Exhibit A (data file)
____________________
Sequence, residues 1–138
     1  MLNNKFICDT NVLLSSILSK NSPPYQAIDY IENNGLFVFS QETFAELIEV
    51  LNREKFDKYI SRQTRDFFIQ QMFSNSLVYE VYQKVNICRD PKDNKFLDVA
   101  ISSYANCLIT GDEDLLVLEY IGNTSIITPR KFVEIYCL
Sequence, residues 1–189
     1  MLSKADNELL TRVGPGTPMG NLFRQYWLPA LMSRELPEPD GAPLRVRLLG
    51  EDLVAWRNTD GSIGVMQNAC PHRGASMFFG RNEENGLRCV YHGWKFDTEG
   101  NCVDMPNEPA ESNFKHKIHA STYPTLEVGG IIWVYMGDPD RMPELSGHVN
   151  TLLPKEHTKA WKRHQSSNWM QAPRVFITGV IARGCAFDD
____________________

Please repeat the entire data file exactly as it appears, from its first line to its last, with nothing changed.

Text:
Sequence, residues 1–138
     1  MLNNKFICDT NVLLSSILSK NSPPYQAIDY IENNGLFVFS QETFAELIEV
    51  LNREKFDKYI SRQTRDFFIQ QMFSNSLVYE VYQKVNICRD PKDNKFLDVA
   101  ISSYANCLIT GDEDLLVLEY IGNTSIITPR KFVEIYCL
Sequence, residues 1–189
     1  MLSKADNELL TRVGPGTPMG NLFRQYWLPA LMSRELPEPD GAPLRVRLLG
    51  EDLVAWRNTD GSIGVMQNAC PHRGASMFFG RNEENGLRCV YHGWKFDTEG
   101  NCVDMPNEPA ESNFKHKIHA STYPTLEVGG IIWVYMGDPD RMPELSGHVN
   151  TLLPKEHTKA WKRHQSSNWM QAPRVFITGV IARGCAFDD